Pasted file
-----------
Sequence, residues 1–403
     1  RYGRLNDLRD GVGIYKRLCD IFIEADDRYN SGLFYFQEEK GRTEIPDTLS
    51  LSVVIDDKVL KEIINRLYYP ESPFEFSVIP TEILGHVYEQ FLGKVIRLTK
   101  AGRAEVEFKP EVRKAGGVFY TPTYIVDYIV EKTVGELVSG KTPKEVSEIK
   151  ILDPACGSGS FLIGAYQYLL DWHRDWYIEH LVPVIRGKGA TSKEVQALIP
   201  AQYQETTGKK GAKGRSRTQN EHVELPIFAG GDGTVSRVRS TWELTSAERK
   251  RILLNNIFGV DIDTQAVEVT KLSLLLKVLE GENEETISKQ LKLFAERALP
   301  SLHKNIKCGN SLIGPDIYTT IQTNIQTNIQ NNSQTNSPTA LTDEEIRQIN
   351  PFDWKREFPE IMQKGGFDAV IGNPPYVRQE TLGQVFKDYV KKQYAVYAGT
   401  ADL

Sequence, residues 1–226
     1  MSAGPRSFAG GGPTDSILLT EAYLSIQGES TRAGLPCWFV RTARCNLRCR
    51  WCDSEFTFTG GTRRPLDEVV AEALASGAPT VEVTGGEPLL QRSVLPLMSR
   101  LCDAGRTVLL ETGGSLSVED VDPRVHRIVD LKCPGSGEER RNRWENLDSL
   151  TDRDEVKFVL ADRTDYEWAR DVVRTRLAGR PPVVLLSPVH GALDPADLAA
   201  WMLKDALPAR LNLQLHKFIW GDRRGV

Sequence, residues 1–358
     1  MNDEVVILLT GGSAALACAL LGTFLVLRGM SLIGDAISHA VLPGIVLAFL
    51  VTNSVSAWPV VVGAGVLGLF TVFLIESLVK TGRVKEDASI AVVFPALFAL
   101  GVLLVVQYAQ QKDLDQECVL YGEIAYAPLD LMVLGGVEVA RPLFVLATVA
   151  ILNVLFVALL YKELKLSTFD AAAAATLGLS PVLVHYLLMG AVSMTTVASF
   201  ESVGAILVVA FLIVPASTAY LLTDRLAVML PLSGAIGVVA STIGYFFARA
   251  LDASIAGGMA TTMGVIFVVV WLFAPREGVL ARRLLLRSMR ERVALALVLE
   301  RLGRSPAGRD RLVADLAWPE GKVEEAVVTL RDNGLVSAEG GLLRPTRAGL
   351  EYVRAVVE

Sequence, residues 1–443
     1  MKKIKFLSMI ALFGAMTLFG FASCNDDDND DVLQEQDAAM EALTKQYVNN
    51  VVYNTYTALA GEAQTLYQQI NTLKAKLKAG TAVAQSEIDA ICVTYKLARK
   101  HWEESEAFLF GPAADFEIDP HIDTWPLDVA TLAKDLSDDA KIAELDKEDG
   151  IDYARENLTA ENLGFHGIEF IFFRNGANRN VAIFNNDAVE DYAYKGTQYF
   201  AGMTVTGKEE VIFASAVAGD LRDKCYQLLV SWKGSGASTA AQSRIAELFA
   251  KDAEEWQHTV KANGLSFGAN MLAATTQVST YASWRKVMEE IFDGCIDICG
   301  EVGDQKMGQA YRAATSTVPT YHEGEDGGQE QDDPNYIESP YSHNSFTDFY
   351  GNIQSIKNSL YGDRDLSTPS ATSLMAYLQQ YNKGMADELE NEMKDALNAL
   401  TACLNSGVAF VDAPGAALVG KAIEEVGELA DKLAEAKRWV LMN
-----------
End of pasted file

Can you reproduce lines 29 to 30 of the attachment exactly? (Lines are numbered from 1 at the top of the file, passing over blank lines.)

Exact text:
   101  HWEESEAFLF GPAADFEIDP HIDTWPLDVA TLAKDLSDDA KIAELDKEDG
   151  IDYARENLTA ENLGFHGIEF IFFRNGANRN VAIFNNDAVE DYAYKGTQYF